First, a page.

Sieve Diagram


Plots a sieve diagram for a pair of attributes.



  • Data

    An input data set


  • None


A Sieve diagram is a graphical method for visualizing frequencies in a two-way contingency table and comparing them to expected frequencies under assumption of independence. It was proposed by Riedwyl and Schüpbach in a technical report in 1983 and later called a parquet diagram (Riedwyl and Schüpbach, 1994). In this display, the area of each rectangle is proportional to the expected frequency, while the observed frequency is shown by the number of squares in each rectangle. The difference between observed and expected frequency (proportional to the standard Pearson residual) appears as the density of shading, using color to indicate whether the deviation from independence is positive (blue) or negative (red).

  1. Select the attributes you want to display in the sieve plot.
  2. Score combinations enables you to fin the best possible combination of attributes.
  3. Save Image saves the created image to your computer in a .svg or .png format.
  4. Produce a report.

The snapshot below shows a sieve diagram for the Titanic data set and has the attributes sex and survived (the latter is a class attribute in this data set). The plot shows that the two variables are highly associated, as there are substantial differences between observed and expected frequencies in all of the four quadrants. For example, and as highlighted in the balloon, the chance for surviving the accident was much higher for female passengers than expected (0.06 vs. 0.15).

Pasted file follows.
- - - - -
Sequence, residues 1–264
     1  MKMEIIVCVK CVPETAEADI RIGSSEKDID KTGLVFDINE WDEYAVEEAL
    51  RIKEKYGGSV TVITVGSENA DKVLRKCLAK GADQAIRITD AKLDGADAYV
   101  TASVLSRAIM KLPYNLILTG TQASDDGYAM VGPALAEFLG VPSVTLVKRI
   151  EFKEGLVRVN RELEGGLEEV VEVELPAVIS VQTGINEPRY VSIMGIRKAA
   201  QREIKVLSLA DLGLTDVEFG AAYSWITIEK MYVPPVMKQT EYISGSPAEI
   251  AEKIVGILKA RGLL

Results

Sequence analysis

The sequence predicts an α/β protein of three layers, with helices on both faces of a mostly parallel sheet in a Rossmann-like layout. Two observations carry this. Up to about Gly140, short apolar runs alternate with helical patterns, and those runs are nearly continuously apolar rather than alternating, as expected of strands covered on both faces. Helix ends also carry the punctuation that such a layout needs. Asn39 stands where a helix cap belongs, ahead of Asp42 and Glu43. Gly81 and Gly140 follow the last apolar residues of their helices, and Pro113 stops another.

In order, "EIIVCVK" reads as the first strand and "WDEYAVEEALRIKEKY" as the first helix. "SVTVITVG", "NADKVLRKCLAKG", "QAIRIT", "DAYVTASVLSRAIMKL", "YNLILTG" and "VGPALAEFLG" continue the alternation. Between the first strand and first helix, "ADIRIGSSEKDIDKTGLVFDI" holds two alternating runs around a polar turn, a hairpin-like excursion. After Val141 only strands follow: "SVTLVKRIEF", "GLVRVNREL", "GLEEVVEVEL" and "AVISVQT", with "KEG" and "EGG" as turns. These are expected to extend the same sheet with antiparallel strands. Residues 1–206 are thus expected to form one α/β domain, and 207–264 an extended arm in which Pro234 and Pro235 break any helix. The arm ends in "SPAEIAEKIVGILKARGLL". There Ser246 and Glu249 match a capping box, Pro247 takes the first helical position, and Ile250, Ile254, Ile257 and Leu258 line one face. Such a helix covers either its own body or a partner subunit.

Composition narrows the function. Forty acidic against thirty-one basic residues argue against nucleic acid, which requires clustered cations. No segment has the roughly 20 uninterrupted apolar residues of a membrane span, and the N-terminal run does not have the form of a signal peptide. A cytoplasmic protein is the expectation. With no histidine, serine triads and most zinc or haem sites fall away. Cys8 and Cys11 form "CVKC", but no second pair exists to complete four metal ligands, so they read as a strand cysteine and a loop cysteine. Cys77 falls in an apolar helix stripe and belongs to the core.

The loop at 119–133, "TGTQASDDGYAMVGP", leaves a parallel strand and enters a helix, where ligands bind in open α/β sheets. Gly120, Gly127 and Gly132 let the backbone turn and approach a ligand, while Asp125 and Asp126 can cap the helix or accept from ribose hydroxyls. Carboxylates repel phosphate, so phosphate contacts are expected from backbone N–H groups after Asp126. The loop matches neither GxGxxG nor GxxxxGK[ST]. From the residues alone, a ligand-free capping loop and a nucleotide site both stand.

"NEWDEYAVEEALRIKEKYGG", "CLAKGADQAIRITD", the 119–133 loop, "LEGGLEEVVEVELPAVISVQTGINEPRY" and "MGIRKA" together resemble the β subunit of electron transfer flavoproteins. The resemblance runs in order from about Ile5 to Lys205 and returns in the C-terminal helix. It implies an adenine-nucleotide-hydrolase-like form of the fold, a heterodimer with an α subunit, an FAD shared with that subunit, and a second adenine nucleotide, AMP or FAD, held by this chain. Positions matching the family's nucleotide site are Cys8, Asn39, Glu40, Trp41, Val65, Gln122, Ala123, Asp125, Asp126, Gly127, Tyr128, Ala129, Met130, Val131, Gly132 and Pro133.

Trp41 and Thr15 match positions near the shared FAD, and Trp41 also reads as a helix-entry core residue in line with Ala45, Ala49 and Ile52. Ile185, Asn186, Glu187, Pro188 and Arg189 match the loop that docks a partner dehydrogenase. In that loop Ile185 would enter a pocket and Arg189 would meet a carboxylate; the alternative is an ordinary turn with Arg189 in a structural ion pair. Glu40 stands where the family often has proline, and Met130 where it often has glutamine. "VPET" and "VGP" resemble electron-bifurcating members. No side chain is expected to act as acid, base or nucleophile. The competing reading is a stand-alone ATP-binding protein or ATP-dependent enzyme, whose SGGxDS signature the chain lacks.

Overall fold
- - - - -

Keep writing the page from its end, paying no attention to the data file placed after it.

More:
Pairs of attributes with interesting associations have a strong shading, such as the diagram shown in the above snapshot. For contrast, a sieve diagram of the least interesting pair (age vs. survival) is shown below.



Below, we see a simple schema using the Titanic data set, where we use the Rank widget to select the best attributes (the ones with the highest information gain, gain ratio or gini index) and feed them into the Sieve Diagram. This displays the sieve plot for the two best attributes, which in our case are sex and status. We see that the survival rate on the Titanic was very high for women of the first class and very low for female crew members.


The Sieve Diagram also features the Score Combinations option, which makes the ranking of attributes even easier.



Riedwyl, H., and Schüpbach, M. (1994). Parquet diagram to plot contingency tables. In Softstat ‘93: Advances in Statistical Software, F. Faulbaum (Ed.). New York: Gustav Fischer, 293-299.